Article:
|April 07, 2004|
|He sniffs, he sips, he scores!|
Now and again, readers ask me to score the wines I review, and recently someone recommended the100-point scale that Wine Spectator has made famous (or infamous, depending on your point of view).
I have several problems with this scale.
First, it uses at most 50 points, maybe 40: wines rated 50 to 59 are “poor, undrinkable; not recommended” and there are no ratings between zero and 49. Why have 100 points if half of them have no meaning?
This scale (which a depressing number of wine reviewers have picked up) is even narrower than it appears. Wines scoring 70 to 79 are “average” and the 60 to 69 range is described as “below average” and are not recommended.
What does “average” mean here? Does it mean that if you took the average score of all wines tasted by Wine Spectator’s reviewers it would fall between 70 and 79? Or is there a notion of average quality in the minds of the reviewers?
Look through any issue and you’ll be hard-pressed to find wines under 80 points. In a tasting of 315 California Pinot Noirs last year, Wine Spectator listed 22 at 90 points or higher, 279 in the 80 to 89 range, and 14 in the 70 to 79s. How much help is a scale when 90 per cent of the wines score in the same 10-mark range.
Then there’s the Wine Spectator statement that the score for each wine is “relative to other wines in its category.” Does this mean that in any given tasting of, say, 315 California Pinots, the best will score 90-plus no matter what their quality? Probably not, because the rating also reflects the wine’s “overall quality.”
So which is it? The wine’s quality or its relative quality? They’re not the same thing.
My other issue with the 100-point system is that it’s become so commercialized that people look only at the scores. They often ignore very good wines when they fall in the low 80s, even though Wine Spectator describes them as “good: a solid, well-made wine.”
There’s just too much made of wines that score “90 Points in Wine Spectator,” as if that’s the final word on any wine. That’s not Wine Spectator’s fault; it does advise consumers to read their tasting notes, too. But the scoring system fosters the attitude, nonetheless.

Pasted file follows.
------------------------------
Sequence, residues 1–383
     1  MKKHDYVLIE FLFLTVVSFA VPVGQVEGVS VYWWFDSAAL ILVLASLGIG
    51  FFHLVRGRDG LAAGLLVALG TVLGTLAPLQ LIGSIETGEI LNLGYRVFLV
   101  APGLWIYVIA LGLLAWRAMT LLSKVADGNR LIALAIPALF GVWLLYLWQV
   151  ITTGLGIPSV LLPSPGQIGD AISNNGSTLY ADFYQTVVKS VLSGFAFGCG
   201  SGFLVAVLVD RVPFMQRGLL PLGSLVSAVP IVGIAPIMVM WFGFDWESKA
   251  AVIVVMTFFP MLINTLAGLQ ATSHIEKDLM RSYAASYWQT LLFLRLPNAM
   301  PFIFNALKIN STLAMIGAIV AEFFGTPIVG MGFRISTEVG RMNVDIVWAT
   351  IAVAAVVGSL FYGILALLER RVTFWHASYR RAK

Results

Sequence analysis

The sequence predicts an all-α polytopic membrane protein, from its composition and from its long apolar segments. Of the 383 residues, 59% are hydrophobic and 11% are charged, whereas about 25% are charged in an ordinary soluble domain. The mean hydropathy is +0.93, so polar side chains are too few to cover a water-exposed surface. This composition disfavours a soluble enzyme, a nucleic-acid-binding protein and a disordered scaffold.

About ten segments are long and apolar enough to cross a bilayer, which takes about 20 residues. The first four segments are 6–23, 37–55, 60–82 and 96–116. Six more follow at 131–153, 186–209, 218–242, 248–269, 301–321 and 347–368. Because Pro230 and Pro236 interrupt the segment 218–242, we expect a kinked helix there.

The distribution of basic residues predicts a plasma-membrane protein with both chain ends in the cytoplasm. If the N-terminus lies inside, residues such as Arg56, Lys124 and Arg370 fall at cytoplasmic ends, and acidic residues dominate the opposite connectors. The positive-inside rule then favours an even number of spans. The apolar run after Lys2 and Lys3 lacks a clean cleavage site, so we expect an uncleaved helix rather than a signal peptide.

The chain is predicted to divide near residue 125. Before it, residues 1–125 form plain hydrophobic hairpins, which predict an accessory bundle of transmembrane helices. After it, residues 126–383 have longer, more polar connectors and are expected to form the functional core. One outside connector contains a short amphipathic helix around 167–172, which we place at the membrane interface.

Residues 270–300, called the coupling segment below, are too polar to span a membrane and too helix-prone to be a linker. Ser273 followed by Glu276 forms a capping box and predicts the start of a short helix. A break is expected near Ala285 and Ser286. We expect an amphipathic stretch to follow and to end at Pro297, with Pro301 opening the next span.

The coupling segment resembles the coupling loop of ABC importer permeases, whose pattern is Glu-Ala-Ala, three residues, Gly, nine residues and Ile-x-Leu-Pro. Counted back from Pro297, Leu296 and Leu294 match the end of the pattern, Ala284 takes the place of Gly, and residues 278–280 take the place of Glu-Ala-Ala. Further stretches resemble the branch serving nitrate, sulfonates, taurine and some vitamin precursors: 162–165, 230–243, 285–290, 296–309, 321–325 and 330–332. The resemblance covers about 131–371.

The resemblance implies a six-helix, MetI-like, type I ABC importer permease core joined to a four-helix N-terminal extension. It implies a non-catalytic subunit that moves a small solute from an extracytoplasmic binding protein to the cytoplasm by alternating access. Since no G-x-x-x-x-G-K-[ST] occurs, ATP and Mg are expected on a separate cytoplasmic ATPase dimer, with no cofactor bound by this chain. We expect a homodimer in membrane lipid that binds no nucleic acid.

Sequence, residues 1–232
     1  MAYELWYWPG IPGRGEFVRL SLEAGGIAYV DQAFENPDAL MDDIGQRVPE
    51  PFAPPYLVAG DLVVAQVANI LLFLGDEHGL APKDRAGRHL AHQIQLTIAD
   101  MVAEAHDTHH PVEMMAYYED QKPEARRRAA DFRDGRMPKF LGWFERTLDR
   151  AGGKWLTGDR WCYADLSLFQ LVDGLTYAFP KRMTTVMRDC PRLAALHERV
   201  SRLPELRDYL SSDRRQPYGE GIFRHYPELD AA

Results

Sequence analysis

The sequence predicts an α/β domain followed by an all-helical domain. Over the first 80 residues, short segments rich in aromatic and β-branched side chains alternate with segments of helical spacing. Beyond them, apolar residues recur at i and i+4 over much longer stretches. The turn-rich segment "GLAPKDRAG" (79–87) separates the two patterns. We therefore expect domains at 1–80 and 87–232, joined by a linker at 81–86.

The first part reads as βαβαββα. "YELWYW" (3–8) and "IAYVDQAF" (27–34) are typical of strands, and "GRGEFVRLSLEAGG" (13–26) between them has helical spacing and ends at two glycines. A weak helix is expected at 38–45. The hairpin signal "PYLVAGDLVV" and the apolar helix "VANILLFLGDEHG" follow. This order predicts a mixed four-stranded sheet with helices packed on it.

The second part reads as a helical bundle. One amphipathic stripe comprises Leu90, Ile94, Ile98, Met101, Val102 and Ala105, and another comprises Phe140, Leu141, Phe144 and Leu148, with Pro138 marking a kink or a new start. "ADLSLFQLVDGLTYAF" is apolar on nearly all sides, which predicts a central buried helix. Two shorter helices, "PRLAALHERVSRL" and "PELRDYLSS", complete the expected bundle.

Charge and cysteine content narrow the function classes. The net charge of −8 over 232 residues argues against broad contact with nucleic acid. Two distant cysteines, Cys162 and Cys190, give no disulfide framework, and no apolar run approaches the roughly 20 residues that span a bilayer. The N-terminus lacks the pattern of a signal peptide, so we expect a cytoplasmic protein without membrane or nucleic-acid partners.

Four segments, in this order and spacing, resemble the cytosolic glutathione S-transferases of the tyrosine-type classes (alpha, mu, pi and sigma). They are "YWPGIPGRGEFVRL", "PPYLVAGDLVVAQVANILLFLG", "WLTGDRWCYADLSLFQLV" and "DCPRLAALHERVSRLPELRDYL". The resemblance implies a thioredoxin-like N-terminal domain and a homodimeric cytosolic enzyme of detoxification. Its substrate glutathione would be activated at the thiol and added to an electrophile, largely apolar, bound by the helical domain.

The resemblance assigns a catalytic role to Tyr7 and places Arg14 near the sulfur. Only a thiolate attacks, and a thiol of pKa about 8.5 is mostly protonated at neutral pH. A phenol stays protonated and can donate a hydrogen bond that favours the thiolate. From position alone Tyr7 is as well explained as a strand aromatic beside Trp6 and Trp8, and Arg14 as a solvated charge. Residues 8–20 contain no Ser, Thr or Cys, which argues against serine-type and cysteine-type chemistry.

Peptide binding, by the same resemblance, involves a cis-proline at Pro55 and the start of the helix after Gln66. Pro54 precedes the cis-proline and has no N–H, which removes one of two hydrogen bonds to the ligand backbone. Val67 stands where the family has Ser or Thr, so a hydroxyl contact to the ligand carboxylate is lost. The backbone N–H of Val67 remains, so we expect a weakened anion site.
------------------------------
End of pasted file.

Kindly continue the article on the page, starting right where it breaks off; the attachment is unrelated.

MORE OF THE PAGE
My sense is that if we do score wine, we should use a system that’s as broad as possible. Not so long ago, I listened to two wine writers (not from Wine Spectator) argue about whether a wine should be 87 or 91 points. Ninety-one! Talk about angels on the head of a pin.
And, speaking of angels, attitudes to scoring wines echo the way religions differ in the way they see people relating to God. Some religions insist on having a priest as an intermediary, others like to have believers establish a direct relationship with their God. Too often, wine reviewers set themselves up as priests, and too often consumers are willing to be their passive followers: Show them a 90-plus rated wine and they’ll flock to worship the bottle.
I’d rather describe a wine and my reaction to it, and leave it to readers to take it up if it looks interesting and the sort of wine they might enjoy.
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Ruffino Pinot Grigio 2003 A delicious glassful that shows why Italian Pinot Grigio is riding so high. Look for luscious fruit (peach, apricot), clean acidity and excellent balance. Try it with lightly spiced seafood dishes. Alcohol 12.5 per cent; $12.95 a bottle. LCBO No. 589101.
Domaine Boyar Chardonnay 2002 A well-made Chardonnay from Bulgaria. Attractive fruit (pear, peach, tropical) is nicely balanced with acidity. It’s medium-bodied, well-structured with a decent finish, and it pairs very well with lightly seasoned chicken dishes. Alcohol 13 per cent; $7.20 a bottle. LCBO No. 428540.
Concha y Toro Casillero del Diablo Merlot 2003 A really delicious and well-made Merlot from Chile. It’s young and will mellow out more; it has attractive rich fruit power and good balance with firm tannins. A great match for rare-medium grilled lamb. Alcohol 13.5 per cent; $10.95 a bottle. LCBO No. 427088.
Hardy’s Nottage Hill Cabernet Sauvignon Shiraz 2001 A classic Australian Cab-Shiraz blend and a well-priced companion to a wide range of dishes — from simple hamburgers to well-seasoned roasted rack of lamb. Look for generous berry fruit with spicy notes and soft tannins. Alcohol 13.5 per cent; $12.50 a bottle. LCBO No. 283440.
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